Do I Need to Pay Maintenance to My Ex-wife When I Remarry?

11 December 2017

If you pay spousal maintenance to your ex-wife and you remarry, your new marriage will have no bearing on this and you will need to continue making spousal maintenance payments. However, if your ex-wife remarries then this would automatically terminate the Maintenance Order between you.

What is Spousal Maintenance?

Spousal maintenance is an income that a person pays to their ex-spouse after divorce or dissolution of a civil partnership. This is often awarded by a judge or agreed (with consent) in a Court Order, following a financial application to the Court.

The purpose of spousal maintenance is to balance out the finances of the couple in a fair way. It may be that during a relationship, one person has financially supported the other while they gave up work to raise the children, or it may be that one is a higher earner and has supported the other because of this. As such, the person in a stronger financial position may be required to continue supporting their ex after separation.

When spousal maintenance is ordered by a Judge or agreed between the couple, this can either apply indefinitely or have a number of limitations or trigger points set, at which point the arrangement will end. For example, a trigger point may be when the youngest child turns 18, or when the spouse receiving the payments moves in with a new partner.

How to Reduce or Change Maintenance Payments

A Maintenance Order is always able to be varied (upwards or downwards) or terminated, and an application for this can be made by either person. An application to vary is usually requested following a significant change of circumstances that has occurred since the Court make the original Order. These circumstances may include, but are not limited to:

  • A significant increase/decrease in either person’s income
  • Inheritance that has been received by either person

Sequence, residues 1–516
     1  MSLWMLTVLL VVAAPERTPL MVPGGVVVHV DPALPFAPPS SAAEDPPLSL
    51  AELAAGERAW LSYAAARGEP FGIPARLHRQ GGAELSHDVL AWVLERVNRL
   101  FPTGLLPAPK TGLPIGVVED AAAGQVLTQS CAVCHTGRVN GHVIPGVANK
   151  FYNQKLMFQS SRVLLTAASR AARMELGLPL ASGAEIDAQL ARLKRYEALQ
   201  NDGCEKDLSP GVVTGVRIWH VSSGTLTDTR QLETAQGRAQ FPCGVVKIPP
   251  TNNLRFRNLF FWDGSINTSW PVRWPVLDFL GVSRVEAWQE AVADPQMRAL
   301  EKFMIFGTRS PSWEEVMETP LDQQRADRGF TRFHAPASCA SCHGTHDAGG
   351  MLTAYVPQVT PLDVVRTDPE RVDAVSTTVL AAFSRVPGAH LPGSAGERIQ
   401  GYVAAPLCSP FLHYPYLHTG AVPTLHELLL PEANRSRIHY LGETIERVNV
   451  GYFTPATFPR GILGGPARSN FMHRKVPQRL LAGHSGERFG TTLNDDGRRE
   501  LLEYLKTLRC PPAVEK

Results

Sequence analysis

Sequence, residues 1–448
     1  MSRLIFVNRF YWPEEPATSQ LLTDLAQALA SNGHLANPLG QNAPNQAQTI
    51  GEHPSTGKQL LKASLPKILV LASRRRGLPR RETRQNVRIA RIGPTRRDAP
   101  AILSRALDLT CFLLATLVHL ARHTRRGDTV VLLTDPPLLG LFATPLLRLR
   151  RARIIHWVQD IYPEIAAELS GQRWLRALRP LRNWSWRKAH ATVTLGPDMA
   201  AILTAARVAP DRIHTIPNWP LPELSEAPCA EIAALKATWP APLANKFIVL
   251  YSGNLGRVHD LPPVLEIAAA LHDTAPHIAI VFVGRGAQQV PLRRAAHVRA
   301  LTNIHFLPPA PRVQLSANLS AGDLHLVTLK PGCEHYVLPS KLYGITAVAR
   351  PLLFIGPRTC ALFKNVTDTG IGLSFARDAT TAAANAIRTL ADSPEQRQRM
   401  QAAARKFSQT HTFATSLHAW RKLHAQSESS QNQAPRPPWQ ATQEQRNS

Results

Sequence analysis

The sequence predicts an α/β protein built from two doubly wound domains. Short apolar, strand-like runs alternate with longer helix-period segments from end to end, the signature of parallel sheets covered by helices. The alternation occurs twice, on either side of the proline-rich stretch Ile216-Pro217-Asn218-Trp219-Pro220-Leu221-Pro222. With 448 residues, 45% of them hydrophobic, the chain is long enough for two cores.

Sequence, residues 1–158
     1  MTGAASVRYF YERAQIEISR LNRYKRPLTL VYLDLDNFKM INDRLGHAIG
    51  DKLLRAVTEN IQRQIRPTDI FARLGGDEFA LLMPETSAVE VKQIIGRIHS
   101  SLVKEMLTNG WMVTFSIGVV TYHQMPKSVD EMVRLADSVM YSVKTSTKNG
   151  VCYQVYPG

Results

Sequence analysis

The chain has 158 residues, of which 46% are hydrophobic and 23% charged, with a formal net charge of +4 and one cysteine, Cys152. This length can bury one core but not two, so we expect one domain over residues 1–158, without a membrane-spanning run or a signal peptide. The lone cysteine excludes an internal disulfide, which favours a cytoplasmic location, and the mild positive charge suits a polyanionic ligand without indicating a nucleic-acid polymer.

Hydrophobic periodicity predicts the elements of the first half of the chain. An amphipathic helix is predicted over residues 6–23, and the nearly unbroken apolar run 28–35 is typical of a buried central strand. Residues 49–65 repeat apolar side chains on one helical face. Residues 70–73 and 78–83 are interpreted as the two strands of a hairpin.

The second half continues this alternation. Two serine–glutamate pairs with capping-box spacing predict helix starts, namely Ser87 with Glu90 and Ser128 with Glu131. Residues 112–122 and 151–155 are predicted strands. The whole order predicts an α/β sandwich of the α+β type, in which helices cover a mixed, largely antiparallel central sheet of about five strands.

• Retirement of either person
  • Cohabitation of either person (although the recipient’s cohabitation is more likely to lead to a review of maintenance than the cohabitation of the payer).

It is however important to remember that none of these circumstances will lead to an automatic termination of a Maintenance Order. The Court will decide to vary or terminate a Maintenance Order based on the couple’s individual circumstances, with first consideration being given to the welfare of any children of the family. The court will also consider whether the variation or termination of the Maintenance Order would cause either person any undue hardship or difficulty.

You must also consider that when the Court receives an application, it has the power to consider whether it would be more appropriate to “capitalise” the maintenance. This means that rather than continuing maintenance payments, the Court might instead order a lump sum payment to be made. After a one-off lump sum had been paid to the recipient, ongoing maintenance would terminate.

Variation of a Maintenance Order

An application for a variation of a Maintenance Order will need to be submitted in the same way as the original application for a Financial Order was.

The application can be started by one person completing and submitting the application to the Court, using a “Form A”. The couple will then be required to attend a Mediation Assessment Information Meeting (MIAM), providing neither person falls into one of the category exemptions.

The couple will then be expected to follow the same process as they followed in their original application for a Financial Order, exchanging all relevant paperwork and attending Court as required.

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